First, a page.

Biological invasions by herpetofauna (i.e. amphibian and reptile species) are numerous and widespread. They have caused severe impacts on ecosystems, the economy, and human health. In the last decades, invasive herpetofauna has gained great interest on various platforms (e.g. social media, movies etc.) due to their diverse impacts on different sectors of society. Some of the most prominent impacts are (i) the extirpation or reduction of native species due to depredation, (ii) the spread of diseases such as chytridiomycosis caused by Batrachochytrium dendrobatidis and B. salamandrivorans and (iii) socio-economic (e.g. agricultural productivity declines) or healthcare costs. For example, the common coqui frog Eleutherodactylus coqui has led to declines in property values in areas infested due to its extremely loud mating song.
In our paper, we synthesised for the first time the economic costs of invasive herpetofauna worldwide between 1986–2020 using the most comprehensive database on the economic costs of invasive alien species worldwide (InvaCost). The cost of invasive herpetofauna totalled 17.0 billion US$ between 1986 and 2020, split into 6.3 billion US$ for amphibians, 10.4 billion US$ for reptiles and 334 million US$ for mixed classes (both amphibian and reptile species). However, these costs were associated predominantly with only two species (brown tree snake Boiga irregularis and American bullfrog Lithobates catesbeianus), with 10.3 and 6.0 billion US$ in costs, respectively. Costs for the remaining 19 reported species were relatively minor (< 0.6 billion US$). Geographically, Oceania and the Pacific Islands recorded 63% of total costs, followed by Europe (35%) and North America (2%). The activity sector most affected by amphibians was authorities-stakeholders (i.e. managers) through management (> 99%). For reptiles, the impact was reported mostly through damages to mixed sectors (65%).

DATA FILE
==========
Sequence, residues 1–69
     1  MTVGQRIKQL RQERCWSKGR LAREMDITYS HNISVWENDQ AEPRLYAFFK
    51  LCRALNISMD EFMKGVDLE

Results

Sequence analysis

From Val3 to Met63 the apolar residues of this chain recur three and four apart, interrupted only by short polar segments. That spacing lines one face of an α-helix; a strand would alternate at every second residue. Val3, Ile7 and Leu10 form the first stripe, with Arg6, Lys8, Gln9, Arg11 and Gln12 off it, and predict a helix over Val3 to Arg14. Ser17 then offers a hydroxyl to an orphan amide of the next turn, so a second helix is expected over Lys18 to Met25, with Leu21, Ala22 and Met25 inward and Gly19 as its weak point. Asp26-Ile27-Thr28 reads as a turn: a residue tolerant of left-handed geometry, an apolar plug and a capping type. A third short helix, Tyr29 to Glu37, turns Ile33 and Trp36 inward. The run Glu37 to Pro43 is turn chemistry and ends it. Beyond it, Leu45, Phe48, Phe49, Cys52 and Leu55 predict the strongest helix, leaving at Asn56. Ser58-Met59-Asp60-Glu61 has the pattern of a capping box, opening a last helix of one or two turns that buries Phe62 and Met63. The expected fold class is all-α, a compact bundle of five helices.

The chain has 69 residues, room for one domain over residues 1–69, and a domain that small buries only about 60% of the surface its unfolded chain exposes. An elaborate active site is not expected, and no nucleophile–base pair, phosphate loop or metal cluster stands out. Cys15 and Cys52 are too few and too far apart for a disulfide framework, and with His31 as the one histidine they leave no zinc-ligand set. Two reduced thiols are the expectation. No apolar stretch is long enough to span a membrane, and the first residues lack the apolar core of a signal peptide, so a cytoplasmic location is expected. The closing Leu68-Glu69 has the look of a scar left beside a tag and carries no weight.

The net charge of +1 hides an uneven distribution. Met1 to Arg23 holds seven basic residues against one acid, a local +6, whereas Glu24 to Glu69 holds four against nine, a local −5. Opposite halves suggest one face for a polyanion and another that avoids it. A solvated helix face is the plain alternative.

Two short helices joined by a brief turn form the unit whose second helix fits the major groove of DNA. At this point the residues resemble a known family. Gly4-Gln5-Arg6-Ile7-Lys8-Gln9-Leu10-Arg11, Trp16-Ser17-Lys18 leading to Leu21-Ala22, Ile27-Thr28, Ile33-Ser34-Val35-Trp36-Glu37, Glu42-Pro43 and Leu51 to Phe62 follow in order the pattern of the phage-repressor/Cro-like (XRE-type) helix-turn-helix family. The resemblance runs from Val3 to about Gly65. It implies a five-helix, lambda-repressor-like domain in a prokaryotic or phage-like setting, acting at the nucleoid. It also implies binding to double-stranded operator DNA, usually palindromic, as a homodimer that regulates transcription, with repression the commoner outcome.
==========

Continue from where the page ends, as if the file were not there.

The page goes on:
Our results reveal worldwide the massive economic cost of herpetofauna invasion. While we recognise that not all herpetofauna species may cause economic costs, it is surprising that 94% of the non-native species did not have the economic costs reported, indicating a possible taxonomic bias. Geographically, also Africa had no reported costs. We propose the compilation of national lists for species facing import and selling bans, better screening for potentially harmful species and a more comprehensive effort to obtain information on the actual and species-specific costs. Our research highlights the importance of these measures to prevent future immense economic costs.
More detailed information can be found in the original article: Soto, I., Cuthbert, R. N., Kouba, A., Capinha, C., Turbelin, A., Hudgins, E. J., ... & Haubrock, P. J., 2022. Global economic costs of herpetofauna invasions. Scientific Reports 12(1), 10829. https://doi.org/10.1038/s41598-022-15079-9
Written by: M.Sc. Ismael Soto Almena